Hot Docs Review: ‘Mein Vietnam’

An intimate portrait of migrant experiences—and an unexpectedly relatable film in the time of COVID-19

6 mins read

Mein Vietnam
(Germany/Austria, 70 min.)
Dir. Tim Ellrich, Thi Hien Mai
Program: World Showcase

Thi Bay Nguyen and Trung Tam Mai have been living in Germany for nearly thirty years. However, one would hardly know it from watching Mein Vietnam. This unique documentary from Tim Ellrich and Thi Hien Mai offers a timely portrait of migrant experiences. The film observes the Vietnamese ex-pats as they make ends meet in Germany with hopes to retire eventually to their homeland. Nearly all the human drama of Mein Vietnam occurs in the couple’s modest public housing apartment. A fair portion of the film is also “screen time,” as we watch Bay and Tam communicate with friends and family back home via their laptops. The couple finds itself in a constant juggle between presence and absence with no clear place to call home.

Directors Ellrich and Mai, the latter being the daughter of the subjects, offer an intimate portrait of the couple’s daily toils. Through simple framing and a delicate pattern of work and domestic life, Mein Vietnam seamlessly inserts a viewer into the everyday experience of its two characters. It observes as they perform jobs as cleaners, tidying up homes and sanitizing workplaces. Their work is typical of many migrant labourers. The homes and offices are empty as Bay and Tam enter and exit these spaces without a trace, erasing all evidence of their presence aside from a spick and span environment. They’re hard workers and the physical labour doesn’t leave them with much time or energy to leave their apartment after a long day’s work.

Like many people nowadays, Bay and Tam spend their free time in front of screens. Skype dates and karaoke sessions keep them connected with their friends in Vietnam. Through cameras mounted in close proximity to the couple as they play out their lives through virtual connections, Mein Vietnam witnesses humour, tragedy, and heartbreak delivered through the bandwidth of the Internet. Bay loses a family member, while Tam finds himself unexpectedly occupied with a construction job after a typhoon destroys their home in Vietnam. Tam grumbles that every cent of their hard-earned labour goes overseas, while the cost of returning to their homeland keeps Bay at a remove from her family when they need one another most.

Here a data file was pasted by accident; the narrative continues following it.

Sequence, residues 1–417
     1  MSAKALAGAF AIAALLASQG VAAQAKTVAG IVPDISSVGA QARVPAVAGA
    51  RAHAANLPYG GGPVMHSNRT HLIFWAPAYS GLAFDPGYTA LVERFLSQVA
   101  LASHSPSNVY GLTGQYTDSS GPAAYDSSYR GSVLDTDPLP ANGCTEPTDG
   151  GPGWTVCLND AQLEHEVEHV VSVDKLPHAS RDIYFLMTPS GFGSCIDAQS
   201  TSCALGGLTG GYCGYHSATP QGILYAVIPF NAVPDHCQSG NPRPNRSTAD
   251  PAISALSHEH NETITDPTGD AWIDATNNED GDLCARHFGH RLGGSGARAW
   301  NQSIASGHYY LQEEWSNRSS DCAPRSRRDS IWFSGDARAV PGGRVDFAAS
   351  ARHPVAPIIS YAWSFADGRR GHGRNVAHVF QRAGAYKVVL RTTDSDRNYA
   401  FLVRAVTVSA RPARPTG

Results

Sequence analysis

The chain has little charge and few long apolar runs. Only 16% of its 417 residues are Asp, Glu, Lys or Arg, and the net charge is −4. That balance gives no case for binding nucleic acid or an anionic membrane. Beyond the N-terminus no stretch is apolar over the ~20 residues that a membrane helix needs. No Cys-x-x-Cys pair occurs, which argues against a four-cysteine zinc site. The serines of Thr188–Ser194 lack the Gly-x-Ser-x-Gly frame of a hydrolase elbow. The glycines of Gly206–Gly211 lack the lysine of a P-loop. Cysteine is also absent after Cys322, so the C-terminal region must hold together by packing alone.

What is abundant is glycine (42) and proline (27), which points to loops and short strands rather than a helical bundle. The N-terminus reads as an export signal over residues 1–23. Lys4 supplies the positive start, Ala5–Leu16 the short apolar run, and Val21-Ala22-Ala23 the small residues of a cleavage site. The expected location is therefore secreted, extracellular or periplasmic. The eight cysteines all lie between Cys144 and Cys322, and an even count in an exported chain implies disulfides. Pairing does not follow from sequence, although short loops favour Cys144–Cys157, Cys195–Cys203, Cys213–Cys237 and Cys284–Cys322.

Tam demonstrates a stronger fidelity to Vietnam than his wife does. The film sees him voice repeated desires to return to their homeland. Bay, on the other hand, keeps in touch with her family, as any person might while living abroad. However, the film sees a revelation as she recognizes that her time spent at the computer screen means she spends less time building a home in Germany. Mein Vietnam observes as Bay makes long overdue efforts to learn the German language and make her adopted homeland feel like home. With a grandson on the way, she recognizes that she and Tam left Vietnam to build a better future for their family. That future is finally here, yet her husband becomes increasingly nostalgic for the old country as Bay tries to grow roots in her new home.

What emerges is a poignant portrait of migrants straddling two worlds. The film captures the challenges of maintaining ties in one nation while building a new life in another, as well as the personal, familial, and financial hardships that arise when one lives in constant limbo. The marriage between Bay and Tam, seemingly loving when the film begins, shows strain by the film’s end as each character comes to define “home” differently.

Additionally, the intimate glimpse of this family and their computer screens provides a unique perspective into stories of migration. Mein Vietnam, shot prior to the coronavirus pandemic, uncannily resembles a film made of and for this moment. Many of the experiences that people face amid COVID-19 lockdowns are everyday realities for migrants like Bay and Tam: the challenges of maintaining social lives over livestreams, sharing meals via Skype or Zoom, frustratingly negotiating work remotely, and witnessing the health declines and deaths of loved ones when one cannot visit them in hospital or mourn them in person.

Although the circumstances are obviously very different, the context of viewing Mein Vietnam in the age of coronavirus might lend it a tighter emotional punch. For some people, this experience of virtual connection has an end-point. For others, it’s an ongoing way of life. Mein Vietnam should inspire audiences to look at their neighbours a little differently—with empathy and compassion—after connecting with Bay and Tam through their screens.

Mein Vietnam screens at Hot Docs’ online festival.

Visit the POV Hot Docs Hub for more coverage from this year’s festival.

Pat Mullen is the publisher of POV Magazine. He holds a Master’s in Film Studies from Carleton University where his research focused on adaptation and Canadian cinema. Pat has also contributed to outlets including The Canadian Encyclopedia, Paste, That Shelf, Sharp, Xtra, and Complex. He is the vice president of the Toronto Film Critics Association and an international voter for the Golden Globe Awards.

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